They also described using the people in their domains to assist with boundary management. One interviewee, for instance, described asking her roommate to hide her phone so she could not respond to messages. Still others had come up with particular ways of transitioning between work and personal life that were almost ritualized, such as waiting until after breakfast with the family to check in on work emails.

One of the most important differences between people who successfully taken control over their boundaries and those who had not were “pop up boundaries.” People who were happy with the boundaries they’d set between work and personal life tended to see them as flexible rather than fixed. They could make changes to their boundaries when they needed to meet some upcoming demand. For example, one interviewee, a 57-year-old mother and company president, described her ideal in this way: “I think for me, the ideal would be that I could control it. So it’s not about whether it’s integrated or separate, but that I would get to choose when it’s integrated, and how it’s integrated, and when it’s separate.” This respondent acknowledged that things to remember or new ideas for work popped up for her on the weekend, but said she would hand-write a note to herself to deal with it on Monday rather than emailing her employees on the weekend. She thought of this as a perfect way to quickly drop the boundary around home for herself to deal with a work matter in a way that preserved her own personal time and the personal time of her employees.

Instead of striving to separate work and life technologies, it would be helpful if we learned how to create these “pop up boundaries.”

We suggest being mindful about what it is that you want: Do you want to separate your work and personal life most of the time or integrate them?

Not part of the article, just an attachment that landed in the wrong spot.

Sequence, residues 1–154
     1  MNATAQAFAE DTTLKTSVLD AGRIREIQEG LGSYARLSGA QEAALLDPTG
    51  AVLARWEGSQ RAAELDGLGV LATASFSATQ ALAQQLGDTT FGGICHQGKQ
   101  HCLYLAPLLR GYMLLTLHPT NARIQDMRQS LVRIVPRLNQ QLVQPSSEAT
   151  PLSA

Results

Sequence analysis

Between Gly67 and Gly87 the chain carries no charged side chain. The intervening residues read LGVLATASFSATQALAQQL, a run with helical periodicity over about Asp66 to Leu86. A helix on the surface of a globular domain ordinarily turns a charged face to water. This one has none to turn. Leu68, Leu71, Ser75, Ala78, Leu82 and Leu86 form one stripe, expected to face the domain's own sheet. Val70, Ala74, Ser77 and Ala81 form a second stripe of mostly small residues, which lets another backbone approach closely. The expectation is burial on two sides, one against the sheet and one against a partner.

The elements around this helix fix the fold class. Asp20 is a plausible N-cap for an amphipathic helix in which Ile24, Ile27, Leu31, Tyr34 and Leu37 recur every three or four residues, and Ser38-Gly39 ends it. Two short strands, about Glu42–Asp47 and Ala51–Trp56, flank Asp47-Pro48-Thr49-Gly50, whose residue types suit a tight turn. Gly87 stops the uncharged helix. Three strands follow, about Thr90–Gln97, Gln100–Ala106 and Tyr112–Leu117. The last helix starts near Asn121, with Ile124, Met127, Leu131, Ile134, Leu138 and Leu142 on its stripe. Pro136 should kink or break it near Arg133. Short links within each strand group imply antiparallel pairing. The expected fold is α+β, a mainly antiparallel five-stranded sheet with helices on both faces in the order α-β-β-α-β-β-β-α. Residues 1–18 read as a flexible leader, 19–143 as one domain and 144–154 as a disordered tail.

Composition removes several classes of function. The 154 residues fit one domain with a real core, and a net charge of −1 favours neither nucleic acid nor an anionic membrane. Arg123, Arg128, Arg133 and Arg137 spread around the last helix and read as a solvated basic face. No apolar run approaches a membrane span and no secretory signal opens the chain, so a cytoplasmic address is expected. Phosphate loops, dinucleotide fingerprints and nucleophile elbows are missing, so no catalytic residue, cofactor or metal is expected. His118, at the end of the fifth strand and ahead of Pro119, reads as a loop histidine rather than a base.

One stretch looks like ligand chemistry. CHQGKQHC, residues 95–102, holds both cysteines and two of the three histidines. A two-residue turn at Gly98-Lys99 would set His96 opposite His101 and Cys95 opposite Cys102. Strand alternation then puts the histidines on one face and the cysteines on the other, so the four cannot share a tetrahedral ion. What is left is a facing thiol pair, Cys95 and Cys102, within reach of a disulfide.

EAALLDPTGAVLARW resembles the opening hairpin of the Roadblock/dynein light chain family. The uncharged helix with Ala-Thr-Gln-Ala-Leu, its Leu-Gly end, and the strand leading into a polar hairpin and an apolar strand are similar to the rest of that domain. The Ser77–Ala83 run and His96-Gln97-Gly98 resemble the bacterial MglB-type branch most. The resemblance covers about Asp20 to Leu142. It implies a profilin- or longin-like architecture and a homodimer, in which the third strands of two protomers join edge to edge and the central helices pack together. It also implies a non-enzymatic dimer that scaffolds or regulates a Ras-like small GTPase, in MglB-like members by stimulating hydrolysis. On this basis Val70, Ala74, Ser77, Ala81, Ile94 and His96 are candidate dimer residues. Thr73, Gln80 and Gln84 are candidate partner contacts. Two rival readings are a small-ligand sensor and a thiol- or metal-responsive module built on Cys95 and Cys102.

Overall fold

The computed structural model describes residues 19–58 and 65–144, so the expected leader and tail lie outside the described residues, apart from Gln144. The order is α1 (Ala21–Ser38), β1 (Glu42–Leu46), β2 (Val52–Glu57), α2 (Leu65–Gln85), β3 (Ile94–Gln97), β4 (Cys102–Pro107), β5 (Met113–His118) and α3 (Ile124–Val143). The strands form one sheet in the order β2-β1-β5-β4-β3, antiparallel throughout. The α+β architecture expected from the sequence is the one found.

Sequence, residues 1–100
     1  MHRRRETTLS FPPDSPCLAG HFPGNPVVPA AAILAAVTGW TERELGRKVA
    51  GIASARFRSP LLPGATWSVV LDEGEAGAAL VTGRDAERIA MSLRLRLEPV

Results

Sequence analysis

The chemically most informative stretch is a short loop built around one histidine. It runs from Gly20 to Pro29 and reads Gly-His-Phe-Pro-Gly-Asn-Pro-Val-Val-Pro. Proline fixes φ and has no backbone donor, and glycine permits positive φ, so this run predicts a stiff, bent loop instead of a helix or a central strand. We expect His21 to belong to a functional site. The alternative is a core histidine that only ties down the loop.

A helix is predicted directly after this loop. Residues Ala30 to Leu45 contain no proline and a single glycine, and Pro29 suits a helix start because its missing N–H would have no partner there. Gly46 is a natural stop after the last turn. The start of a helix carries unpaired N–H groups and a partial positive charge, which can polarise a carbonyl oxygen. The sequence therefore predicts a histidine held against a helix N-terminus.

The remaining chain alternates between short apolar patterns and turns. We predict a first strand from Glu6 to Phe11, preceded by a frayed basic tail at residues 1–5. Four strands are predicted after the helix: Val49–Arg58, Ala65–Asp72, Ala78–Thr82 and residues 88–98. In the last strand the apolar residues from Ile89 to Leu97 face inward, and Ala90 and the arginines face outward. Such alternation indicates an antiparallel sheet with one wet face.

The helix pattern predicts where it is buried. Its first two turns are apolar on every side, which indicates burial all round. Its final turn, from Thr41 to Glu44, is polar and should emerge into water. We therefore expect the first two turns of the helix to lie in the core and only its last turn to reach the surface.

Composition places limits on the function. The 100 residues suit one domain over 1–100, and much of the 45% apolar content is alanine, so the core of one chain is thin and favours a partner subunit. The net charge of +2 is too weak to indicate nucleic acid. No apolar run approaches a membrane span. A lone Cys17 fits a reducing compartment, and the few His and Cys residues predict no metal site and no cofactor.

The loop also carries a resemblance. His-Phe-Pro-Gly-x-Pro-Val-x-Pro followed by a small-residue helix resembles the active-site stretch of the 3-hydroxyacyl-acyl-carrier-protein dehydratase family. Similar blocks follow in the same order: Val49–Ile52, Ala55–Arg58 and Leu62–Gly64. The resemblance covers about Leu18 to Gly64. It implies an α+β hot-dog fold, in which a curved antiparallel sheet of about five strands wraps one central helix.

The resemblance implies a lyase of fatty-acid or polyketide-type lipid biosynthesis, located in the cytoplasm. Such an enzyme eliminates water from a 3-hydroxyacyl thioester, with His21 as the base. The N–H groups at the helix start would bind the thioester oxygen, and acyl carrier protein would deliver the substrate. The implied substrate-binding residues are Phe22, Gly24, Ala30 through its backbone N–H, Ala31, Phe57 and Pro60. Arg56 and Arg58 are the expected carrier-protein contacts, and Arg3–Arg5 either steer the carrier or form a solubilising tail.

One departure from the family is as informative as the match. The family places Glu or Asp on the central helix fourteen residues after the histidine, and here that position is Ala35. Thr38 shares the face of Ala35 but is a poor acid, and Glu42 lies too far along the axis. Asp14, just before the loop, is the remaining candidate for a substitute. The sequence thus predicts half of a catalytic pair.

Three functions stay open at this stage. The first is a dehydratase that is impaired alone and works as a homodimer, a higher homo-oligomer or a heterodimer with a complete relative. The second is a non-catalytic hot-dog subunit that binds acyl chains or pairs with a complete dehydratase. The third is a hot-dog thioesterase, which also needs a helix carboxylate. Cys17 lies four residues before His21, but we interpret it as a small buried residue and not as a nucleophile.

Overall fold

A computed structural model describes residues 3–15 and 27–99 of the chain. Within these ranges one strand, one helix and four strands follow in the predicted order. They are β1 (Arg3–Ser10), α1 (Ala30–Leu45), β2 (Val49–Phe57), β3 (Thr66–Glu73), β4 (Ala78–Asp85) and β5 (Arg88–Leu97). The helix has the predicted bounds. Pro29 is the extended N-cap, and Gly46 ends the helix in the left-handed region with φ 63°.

Set expectations with the people in your work and personal lives by letting them know about your availability and your practices. For instance, I tell my undergraduate students that I don’t respond to emails on the weekend. I also tell them that I will have to answer my phone in class if the kids’ school calls. My children know that, because I leave work early in the day so that I can be home in time to meet their school bus, I will have to do some work from home after dinner. As for my colleague, Mark, years ago he stopped checking work email from home after 7 pm in order to preserve sound sleep.

Another tip: Get to know the capabilities of your devices. We heard from some respondents that they had never considered turning off the audible notifications of incoming messages. We suspect that many people don’t spend time learning how they can turn notifications off and on, or how to use calendars and other apps in different ways.

The key to smart use of your smartphone is to know it, know yourself, and be purposeful about how you use your phone to build and manage boundaries.

Carrie A. Bulger is Professor of Psychology, with a joint appointment as Professor in the Department of Medical Studies, at Quinnipiac University in Hamden, Connecticut.